Rosebud Sioux President Suggests Tribal-State Summit On Drug Abuse

KELO Pierre Capital Generic

“Hello relatives, I greet you all with a good heart.”

With those words Rosebud Sioux President Rodney Bordeaux opened the fourth annual State of the Tribes address to the Legislature Thursday.

There are nine reservations within South Dakota’s borders.

Governor Kristi Noem attended the speech and nodded along to a Lakota song. The new governor sat with her new secretary of tribal relations, David Flute. He was tribal chairman for the Sisseton Wahpeton Oyate but lost re-election in November.

Elected leaders from several other tribes sat in chairs along the raised front of the House chamber as he spoke.

At one point Bordeaux asked for a moment of silence for the many suicides. He said the Rosebud reservation has one psychologist for 27,000 residents — the equivalent of eight for the entire city of Sioux Falls.

“What happens in our community affects your community,” Bordeaux said. He later added, “We need to engage with one another and talk about agreements where we can address meth in a criminal context.”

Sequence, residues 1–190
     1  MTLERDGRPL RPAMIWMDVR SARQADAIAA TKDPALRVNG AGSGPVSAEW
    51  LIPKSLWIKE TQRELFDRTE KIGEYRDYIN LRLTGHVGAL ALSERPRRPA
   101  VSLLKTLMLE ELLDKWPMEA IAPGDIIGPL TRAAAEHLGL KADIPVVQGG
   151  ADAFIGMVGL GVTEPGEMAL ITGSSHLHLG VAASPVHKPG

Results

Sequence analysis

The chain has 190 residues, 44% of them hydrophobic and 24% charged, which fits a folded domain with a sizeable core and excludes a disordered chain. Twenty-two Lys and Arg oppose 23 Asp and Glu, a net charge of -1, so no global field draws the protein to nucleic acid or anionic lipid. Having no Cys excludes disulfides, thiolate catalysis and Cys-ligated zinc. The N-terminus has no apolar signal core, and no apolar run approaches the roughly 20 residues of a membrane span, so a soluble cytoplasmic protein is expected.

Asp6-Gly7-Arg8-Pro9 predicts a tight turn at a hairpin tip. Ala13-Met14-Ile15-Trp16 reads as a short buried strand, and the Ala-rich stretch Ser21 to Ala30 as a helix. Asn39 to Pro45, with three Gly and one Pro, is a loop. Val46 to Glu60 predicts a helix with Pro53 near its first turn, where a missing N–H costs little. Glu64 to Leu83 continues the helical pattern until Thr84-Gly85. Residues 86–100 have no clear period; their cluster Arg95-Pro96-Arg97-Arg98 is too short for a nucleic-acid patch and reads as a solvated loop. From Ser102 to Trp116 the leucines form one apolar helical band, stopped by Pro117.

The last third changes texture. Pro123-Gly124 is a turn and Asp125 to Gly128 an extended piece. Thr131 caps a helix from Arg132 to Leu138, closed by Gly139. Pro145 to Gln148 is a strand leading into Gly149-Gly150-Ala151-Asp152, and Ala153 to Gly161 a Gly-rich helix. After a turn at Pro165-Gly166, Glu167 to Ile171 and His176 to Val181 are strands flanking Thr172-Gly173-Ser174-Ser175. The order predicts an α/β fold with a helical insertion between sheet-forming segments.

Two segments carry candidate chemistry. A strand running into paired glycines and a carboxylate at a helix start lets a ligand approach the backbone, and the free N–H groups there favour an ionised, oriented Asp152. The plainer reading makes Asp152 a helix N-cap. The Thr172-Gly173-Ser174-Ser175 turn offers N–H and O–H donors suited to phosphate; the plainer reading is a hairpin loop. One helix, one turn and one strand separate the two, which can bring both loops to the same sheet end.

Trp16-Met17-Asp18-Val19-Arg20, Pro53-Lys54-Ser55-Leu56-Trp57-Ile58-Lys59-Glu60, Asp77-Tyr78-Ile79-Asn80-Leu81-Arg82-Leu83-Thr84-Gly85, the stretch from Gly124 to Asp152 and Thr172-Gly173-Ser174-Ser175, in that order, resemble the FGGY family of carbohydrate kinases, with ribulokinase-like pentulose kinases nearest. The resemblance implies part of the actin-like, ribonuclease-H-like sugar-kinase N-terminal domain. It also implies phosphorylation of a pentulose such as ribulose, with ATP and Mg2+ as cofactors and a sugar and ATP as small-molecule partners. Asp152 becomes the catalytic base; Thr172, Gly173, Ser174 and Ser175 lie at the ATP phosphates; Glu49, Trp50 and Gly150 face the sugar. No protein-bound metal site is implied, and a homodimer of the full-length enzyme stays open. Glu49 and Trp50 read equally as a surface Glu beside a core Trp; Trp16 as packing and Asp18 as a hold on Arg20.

Bordeaux called for the Legislature to consider again the gains that could result from expanded eligibility for Medicaid. Many lawmakers opposed to it blocked expansion during the Daugaard administration.

“It has the added benefit of being the right thing to do,” Bordeaux said.

He invited legislative leaders and Governor Noem to visit the Rosebud reservation. He suggested tribal and state governments hold a summit on drug abuse in South Dakota.

He also spoke against the proposed Keystone XL Pipeline that would cross through South Dakota and pass near the Rosebud reservation.

“There are a great many things that trouble us about this project,” he said, specifically mentioning the degradation of natural resources and the potential for crimes against girls and women by men staying at construction camps.

Bordeaux also spoke against a recent state law that Keystone XL opponents see as blocking protests against the pipeline.

“We are not asking for a handout,” he said near the conclusion of the speech, “just an opportunity.”

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